By Tayyibah Aziz, science writer
Many existing marine protected areas fail to adequately consider the needs of sharks, rays, and chimaeras, as data about many species is limited. In a new publication, scientists have developed a new framework to consider the species’ biological and ecological needs and inform planning to secure the protection they desperately need in the face of extinction.
To date, shark, ray, and chimaera species have not been sufficiently considered in the planning of marine protected areas. However, a publication in Frontiers in Marine Science by researchers from the International Union for Conservation of Nature (IUCN) Shark Specialist Group (SSC), IUCN’s Ocean Team, and the IUCN Marine Mammal Protected Areas Taskforce have developed a new framework to fundamentally change how sharks are considered in the design of protected areas and therefore support the protection they desperately need in the face of extinction.
Ciaran Hyde, consultant to the IUCN Ocean Team, explained: “We still have so much to learn about many shark, ray, and chimaera species, but unfortunately several studies indicate that many protected areas are failing to adequately meet their needs. However, Important Shark and Ray Areas (ISRAs) will help to identify areas for these species using criteria which have been specifically designed to consider their biological and ecological needs.”
Vulnerable to human threats
As apex predators, sharks provide many vital functions for maintaining a balanced ecosystem. Sharks shape fish communities, ensure a diversity of species, and even help our oceans sequester more carbon by maintaining seagrass meadows.
“Losing sharks, rays and chimaeras will not only affect the health of the entire ocean ecosystem, but also impact food security in many countries,” highlighted Lynn Sorrentino, IUCN Ocean Team Program Officer.
However, their apex status makes them more susceptible to anthropogenic threats. Many of these species are impacted by fishing, especially in tropical and coastal areas where large communities live along the coast and depend upon fish as their main source of protein.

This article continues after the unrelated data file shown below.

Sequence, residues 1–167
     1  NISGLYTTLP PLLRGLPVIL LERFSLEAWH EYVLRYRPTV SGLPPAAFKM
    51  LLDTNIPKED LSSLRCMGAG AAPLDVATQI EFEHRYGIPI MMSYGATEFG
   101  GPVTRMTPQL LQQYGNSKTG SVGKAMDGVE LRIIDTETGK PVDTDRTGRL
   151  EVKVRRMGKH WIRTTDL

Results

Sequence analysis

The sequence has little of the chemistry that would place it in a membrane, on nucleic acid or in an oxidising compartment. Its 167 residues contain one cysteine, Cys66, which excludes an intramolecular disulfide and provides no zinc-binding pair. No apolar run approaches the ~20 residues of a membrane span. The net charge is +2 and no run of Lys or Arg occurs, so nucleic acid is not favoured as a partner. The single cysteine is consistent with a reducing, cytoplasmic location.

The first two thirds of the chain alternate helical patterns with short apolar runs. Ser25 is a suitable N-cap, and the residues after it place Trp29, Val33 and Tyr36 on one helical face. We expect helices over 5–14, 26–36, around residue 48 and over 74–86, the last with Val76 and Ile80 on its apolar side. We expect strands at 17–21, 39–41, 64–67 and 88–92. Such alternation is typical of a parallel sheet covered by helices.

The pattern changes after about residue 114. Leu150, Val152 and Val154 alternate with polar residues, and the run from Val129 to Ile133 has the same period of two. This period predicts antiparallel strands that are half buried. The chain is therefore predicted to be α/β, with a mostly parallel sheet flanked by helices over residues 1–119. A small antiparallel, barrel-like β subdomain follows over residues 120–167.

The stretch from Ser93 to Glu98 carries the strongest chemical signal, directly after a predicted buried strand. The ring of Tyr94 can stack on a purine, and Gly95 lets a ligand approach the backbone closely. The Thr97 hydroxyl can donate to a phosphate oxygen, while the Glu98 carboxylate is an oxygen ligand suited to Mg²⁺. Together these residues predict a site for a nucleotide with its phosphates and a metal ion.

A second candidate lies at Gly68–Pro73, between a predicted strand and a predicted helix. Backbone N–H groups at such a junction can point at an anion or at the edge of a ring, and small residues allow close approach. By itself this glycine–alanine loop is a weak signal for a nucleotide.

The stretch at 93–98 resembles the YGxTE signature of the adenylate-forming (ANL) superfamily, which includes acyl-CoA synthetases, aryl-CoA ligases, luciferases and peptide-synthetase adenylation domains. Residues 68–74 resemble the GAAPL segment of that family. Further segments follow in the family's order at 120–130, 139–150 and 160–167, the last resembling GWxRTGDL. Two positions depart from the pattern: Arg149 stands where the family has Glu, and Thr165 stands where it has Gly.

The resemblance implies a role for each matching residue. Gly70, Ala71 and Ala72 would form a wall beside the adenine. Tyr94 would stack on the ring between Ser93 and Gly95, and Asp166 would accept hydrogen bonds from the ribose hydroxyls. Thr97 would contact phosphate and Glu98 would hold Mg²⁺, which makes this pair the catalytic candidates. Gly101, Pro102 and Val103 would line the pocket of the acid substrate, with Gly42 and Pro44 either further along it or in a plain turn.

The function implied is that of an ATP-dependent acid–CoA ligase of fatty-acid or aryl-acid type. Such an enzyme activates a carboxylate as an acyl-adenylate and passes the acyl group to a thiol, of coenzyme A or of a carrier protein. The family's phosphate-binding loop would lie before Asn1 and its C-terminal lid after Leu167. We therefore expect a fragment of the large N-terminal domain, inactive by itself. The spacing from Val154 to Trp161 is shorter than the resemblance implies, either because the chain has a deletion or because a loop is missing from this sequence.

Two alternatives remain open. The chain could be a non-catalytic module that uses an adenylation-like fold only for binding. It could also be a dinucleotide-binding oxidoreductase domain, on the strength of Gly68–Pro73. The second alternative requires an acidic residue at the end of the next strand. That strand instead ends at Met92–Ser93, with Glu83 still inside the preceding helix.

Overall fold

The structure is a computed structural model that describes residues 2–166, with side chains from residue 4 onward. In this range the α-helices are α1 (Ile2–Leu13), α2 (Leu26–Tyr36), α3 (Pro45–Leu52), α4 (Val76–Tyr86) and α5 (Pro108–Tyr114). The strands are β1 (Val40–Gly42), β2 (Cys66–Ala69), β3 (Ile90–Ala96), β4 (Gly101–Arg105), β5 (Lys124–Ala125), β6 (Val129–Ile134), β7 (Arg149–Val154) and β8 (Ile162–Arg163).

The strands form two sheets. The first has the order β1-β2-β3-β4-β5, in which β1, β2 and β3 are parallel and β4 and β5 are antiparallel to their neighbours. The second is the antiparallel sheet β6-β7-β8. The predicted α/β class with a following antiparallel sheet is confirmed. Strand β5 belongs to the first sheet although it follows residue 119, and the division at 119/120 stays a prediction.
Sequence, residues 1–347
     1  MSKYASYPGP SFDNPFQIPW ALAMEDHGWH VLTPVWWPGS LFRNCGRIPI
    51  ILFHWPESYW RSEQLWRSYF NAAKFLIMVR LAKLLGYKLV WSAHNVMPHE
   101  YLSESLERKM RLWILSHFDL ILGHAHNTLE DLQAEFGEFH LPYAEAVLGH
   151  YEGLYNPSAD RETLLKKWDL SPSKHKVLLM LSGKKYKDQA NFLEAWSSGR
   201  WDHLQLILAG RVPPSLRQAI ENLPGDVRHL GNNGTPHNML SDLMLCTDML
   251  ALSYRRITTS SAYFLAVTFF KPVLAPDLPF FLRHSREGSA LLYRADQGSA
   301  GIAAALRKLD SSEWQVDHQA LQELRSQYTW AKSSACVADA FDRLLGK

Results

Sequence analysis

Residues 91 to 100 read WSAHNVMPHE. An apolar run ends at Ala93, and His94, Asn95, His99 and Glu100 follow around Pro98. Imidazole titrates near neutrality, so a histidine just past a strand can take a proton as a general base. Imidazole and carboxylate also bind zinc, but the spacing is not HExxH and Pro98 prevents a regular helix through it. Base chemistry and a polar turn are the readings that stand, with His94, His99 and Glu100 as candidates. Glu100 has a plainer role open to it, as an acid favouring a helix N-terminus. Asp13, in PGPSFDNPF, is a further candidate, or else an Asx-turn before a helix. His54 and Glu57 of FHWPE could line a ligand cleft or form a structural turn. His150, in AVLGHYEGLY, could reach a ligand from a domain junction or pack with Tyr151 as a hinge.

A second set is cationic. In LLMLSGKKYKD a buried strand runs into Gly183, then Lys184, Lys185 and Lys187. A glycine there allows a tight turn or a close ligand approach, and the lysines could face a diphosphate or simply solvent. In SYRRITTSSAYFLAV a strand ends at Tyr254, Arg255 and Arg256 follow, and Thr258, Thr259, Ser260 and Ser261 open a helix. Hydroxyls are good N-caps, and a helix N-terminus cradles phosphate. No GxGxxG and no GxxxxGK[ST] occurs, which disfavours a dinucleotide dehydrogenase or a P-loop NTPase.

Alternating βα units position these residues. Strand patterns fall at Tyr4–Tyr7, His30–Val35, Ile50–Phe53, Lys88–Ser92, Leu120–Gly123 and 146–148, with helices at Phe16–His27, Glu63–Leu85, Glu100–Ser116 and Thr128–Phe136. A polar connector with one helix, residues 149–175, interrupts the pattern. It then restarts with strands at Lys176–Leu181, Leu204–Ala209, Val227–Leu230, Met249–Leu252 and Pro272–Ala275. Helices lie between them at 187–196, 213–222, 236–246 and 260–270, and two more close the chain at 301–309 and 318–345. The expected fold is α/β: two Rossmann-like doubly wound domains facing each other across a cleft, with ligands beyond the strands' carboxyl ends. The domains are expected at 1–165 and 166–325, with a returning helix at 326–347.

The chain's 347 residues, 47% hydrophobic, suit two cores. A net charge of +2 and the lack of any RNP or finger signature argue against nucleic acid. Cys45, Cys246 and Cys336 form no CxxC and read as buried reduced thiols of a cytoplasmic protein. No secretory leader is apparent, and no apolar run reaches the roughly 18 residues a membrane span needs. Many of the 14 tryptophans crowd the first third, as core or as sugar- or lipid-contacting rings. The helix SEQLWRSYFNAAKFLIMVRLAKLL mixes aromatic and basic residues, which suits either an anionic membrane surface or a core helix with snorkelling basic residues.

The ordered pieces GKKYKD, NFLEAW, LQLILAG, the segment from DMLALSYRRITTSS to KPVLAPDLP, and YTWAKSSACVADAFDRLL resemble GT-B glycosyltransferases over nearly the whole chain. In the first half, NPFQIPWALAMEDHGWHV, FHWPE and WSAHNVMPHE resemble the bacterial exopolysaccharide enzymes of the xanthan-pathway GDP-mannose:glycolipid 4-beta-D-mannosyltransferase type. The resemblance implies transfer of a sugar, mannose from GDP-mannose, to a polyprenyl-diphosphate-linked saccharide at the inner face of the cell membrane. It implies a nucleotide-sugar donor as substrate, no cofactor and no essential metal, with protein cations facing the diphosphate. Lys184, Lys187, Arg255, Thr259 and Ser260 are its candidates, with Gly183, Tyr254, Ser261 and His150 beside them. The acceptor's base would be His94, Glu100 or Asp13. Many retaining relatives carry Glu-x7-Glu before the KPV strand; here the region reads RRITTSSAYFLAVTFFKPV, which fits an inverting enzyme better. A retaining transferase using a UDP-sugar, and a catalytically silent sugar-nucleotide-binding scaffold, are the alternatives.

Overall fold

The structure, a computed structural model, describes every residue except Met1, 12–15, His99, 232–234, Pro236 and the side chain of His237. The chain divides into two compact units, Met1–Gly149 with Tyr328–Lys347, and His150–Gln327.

As Dr Rima Jabado, chair of the IUCN SSC explained: “Sharks are a long-lived species: many take a long time to reach sexual maturity and then only give birth to a few young. This makes them particularly susceptible to fishing pressure and with an estimated 37% of species with an elevated risk of extinction, they are facing a biodiversity crisis. Results from the ISRA project will inform policy and ensure that areas critical to the survival of sharks, rays, and chimaeras are considered in spatial planning.”
Developed by experts, conservation agencies, and governments
Work on the ISRA Criteria was supported by the Save Our Seas Foundation. They were developed through a collaborative process involving shark experts, conservation agencies, and governments and include four criteria and seven sub-criteria. These consider the complex biological and ecological needs of sharks, including areas important to threatened or range-restricted species, the specific habitats that support life-history characteristics and vital functions (eg, reproduction, feeding, resting, movement), distinctive attributes, and the diversity of species within an area.
Dr Giuseppe Notarbartolo di Sciara, co-chair of the IUCN Marine Mammal Protected Areas Taskforce and deputy chair of the IUCN SSC Cetacean Specialist Group noted: “All efforts are being made to ensure that the ISRAs contain the best and most up-to-date place-based information that science can offer to decision makers, managers, and marine users. As the ISRA program proceeds by covering progressively the whole extent of the ocean (and relevant inland water) surface, a very broad involvement of the shark expert community world-wide is expected.”
By bringing together information from scientific publications, reports, databases and the expertise of individual shark experts, ISRAs are a powerful tool for governing bodies to develop policy and design protected areas.
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